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And the story that started it all on April 6, 2011…

Two-Phones by Daniel B. O’Shea

Smart-ass in front of Slim in the security queue at Midway couldn’t keep his mouth shut, guy dumping his shit in the plastic box, two fucking cell phones and a PDA coming off his belt like he was Batman or something, a fat money clip with a Franklin on the outside.

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We are always open to submissions. So if you want to be like one of the folks mentioned above, hit us up at the Submissions Manager.

Until next time, all the best.


From the Hip – Alex Segura

Hey folks!

So, an experiment – sort of, not like this hasn’t been done before. Though, I wanted to start an author Q&A series that wasn’t so ‘canned’, something where writers can shoot the shit while giving them the room to talk about whatever they’re pimping OR whatever strikes their fancy.

For the first installment of what I’m calling FROM THE HIP, we’ve got Alex Segura, the author of the Pete Fernandez series of books and a slew of awesome Archie comics. His latest, DANGEROUS ENDS, is dropping April 11th, 2017 from Polis Books, so I decided to use him as guinea pig and try my best to throw him off his game.

Our chat took place on 2/8/2017 – there’s been some light editing to improve the flow of conversation and to cover up Alex’s shocking opinion about pre-fab flooring.

ANGEL: So, to reiterate, loose convo. This is going on Shotgun Honey, so we know our audience. They’re fucking degenerates.

ALEX: Keep it CASUAL

ANGEL: EXACTLY. You ready for the snowstorm coming our way? Do you have French Toast reserves?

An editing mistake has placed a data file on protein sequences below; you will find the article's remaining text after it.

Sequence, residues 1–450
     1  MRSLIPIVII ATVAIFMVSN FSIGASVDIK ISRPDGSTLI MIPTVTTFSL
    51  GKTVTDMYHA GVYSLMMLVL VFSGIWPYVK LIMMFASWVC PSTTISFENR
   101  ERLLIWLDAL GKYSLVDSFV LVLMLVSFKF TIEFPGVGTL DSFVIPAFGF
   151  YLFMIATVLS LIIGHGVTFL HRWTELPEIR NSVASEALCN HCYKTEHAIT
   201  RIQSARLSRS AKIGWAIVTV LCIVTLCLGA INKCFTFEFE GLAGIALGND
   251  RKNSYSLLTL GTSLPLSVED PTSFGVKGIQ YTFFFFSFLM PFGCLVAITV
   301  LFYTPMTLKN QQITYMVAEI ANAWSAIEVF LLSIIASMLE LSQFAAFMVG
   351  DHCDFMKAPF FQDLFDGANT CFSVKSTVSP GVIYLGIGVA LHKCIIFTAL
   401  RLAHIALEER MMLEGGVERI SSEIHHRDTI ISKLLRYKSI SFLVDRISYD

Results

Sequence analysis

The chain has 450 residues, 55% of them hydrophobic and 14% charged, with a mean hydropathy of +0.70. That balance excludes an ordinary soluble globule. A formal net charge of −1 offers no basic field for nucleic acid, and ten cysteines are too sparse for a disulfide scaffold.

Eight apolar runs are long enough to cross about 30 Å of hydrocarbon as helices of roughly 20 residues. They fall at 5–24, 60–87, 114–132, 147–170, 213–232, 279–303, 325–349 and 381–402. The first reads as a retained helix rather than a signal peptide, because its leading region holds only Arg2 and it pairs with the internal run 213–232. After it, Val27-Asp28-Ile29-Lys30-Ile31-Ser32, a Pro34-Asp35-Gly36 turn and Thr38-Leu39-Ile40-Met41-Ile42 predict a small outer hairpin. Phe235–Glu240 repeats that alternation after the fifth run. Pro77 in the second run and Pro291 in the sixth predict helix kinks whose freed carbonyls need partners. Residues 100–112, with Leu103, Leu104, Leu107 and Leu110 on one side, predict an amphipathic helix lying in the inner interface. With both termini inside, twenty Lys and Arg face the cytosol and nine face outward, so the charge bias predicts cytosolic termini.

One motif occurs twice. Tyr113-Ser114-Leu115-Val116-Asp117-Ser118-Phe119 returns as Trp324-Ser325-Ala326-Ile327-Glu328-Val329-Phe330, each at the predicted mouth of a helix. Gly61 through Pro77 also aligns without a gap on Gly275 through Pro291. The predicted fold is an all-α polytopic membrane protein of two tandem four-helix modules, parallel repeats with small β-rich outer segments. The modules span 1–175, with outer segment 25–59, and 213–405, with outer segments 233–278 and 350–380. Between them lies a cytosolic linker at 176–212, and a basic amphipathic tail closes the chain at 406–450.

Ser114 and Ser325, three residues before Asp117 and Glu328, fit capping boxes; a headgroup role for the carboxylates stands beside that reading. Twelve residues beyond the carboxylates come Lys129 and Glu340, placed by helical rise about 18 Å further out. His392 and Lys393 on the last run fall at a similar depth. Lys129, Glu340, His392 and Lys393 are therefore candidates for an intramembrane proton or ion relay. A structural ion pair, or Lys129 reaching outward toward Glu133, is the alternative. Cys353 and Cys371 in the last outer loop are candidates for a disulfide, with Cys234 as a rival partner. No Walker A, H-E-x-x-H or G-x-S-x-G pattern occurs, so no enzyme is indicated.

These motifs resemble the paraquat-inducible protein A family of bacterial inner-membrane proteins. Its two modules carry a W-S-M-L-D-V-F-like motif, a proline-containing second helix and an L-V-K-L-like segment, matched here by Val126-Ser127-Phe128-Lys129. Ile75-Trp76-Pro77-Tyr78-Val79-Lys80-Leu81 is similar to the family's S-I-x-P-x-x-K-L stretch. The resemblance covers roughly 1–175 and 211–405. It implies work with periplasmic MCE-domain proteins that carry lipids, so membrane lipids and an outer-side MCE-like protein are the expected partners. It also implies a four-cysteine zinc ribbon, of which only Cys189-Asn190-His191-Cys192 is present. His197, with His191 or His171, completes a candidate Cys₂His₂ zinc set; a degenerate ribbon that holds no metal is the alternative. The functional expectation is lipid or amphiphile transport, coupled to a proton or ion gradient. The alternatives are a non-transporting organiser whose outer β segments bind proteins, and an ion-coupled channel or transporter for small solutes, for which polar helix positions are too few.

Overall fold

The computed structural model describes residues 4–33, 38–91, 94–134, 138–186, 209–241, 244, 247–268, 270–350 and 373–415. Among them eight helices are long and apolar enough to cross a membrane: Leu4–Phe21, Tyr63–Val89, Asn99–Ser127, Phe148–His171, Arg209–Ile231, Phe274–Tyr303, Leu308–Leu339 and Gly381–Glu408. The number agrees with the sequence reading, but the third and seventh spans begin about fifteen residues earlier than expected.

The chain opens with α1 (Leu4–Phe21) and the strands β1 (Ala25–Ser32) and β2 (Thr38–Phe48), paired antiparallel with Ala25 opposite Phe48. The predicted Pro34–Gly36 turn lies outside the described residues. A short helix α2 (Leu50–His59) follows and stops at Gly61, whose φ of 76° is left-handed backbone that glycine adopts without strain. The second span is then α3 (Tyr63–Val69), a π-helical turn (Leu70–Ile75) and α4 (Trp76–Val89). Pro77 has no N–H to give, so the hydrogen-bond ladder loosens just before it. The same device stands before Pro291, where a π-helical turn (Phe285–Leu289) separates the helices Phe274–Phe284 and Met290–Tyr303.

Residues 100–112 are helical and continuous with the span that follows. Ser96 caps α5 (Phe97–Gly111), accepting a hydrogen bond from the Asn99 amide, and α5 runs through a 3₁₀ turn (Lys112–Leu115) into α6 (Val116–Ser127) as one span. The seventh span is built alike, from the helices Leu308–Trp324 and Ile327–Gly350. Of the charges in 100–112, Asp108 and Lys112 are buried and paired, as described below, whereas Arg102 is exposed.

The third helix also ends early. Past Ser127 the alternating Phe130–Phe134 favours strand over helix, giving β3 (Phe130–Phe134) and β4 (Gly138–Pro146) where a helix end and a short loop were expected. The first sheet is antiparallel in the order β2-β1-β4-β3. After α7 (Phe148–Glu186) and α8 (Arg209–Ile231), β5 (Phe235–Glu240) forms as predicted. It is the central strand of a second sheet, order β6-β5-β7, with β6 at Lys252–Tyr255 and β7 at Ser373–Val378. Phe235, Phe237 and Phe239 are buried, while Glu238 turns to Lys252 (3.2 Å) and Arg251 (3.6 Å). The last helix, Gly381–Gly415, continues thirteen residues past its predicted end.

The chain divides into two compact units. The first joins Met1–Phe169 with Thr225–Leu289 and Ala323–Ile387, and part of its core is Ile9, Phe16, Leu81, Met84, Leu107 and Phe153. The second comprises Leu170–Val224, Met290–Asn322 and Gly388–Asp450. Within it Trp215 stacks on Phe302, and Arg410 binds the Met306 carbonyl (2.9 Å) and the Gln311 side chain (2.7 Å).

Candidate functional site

ALEX: I’m hoping it snows so I don’t have to drive to work! How about you guys?

ANGEL: Kids already got cancelled school and my job is cool with working from home, so we’re pretty much stuck at home the next two days.

ALEX: Not bad! G is turning one soon, so Eva’s running around prepping for a family thing this weekend

ANGEL: The big 1! That’s on Valentine’s Day, no?

ALEX: Yeah! Crazy! Valentine’s Day will never be the same

ANGEL: It’s an awesome time. Hell, we’re both going through the same stuff; Kid 2 is just a month older.

ALEX: We need to get them together again

ANGEL: I WILL TALK TO THE WIFE

ALEX: YEAH…Same here

ANGEL: For real, I have no idea what’s going on at all without her. So….WRITING

ALEX: OK!

ANGEL: You’ve been busy, dude. About a year, two books out with Polis, Archie Meets Ramones, ANOTHER Archie book and Pete Book 3!

You ready to take a breath?

ALEX: Not yet! Yeah, it’s been busy – but good. It’s like I’m working on two tracks, which is fun and keeps my brain clicking.

On one hand, I’m writing fun, all-ages comic book stuff, which is what first got me hooked on comics and reading, and on the other, I’m telling these really dark crime stories set in my hometown.

I can’t believe DANGEROUS ENDS is my third. It hasn’t really clicked in yet.

The comics happen faster – you write a script, then you start seeing artwork and before you know it, it’s on the stands

Novels are a much slower, more thoughtful process

ANGEL: I’m excited about this next one, Dangerous Ends. Having read it in an earlier state (VIP, YO) I really enjoyed the link to Cuban history. Pretty timely too! I never assume that folks pull directly from their family history, but is it safe to assume that here?

ALEX: Yeah, for sure. And I’m glad you got to read it early. Don’t worry, you’re duly thanked in the back! (Spoiler alert). The Cuba flashbacks sprung out of a conversation with my aunt one day. We were at a family gathering and Cuba came up, as it does, and she said there were a lot of family stories that I didn’t know and that she’d have to share with me sometime. Well, I couldn’t wait, so while everyone else is having a jolly good time I’m huddled with her talking about Castro, how our family got out of Cuba and the challenges a lot of them faces. It really made me want to paint a picture of Pete’s family.

But I also knew I didn’t want to just steal stories from my family’s past and switch names. I did a lot of research, about Cuba and Cuba-US relations and where the country was before Castro took power.

But that was fun research, and the kind of stuff I could do while still writing.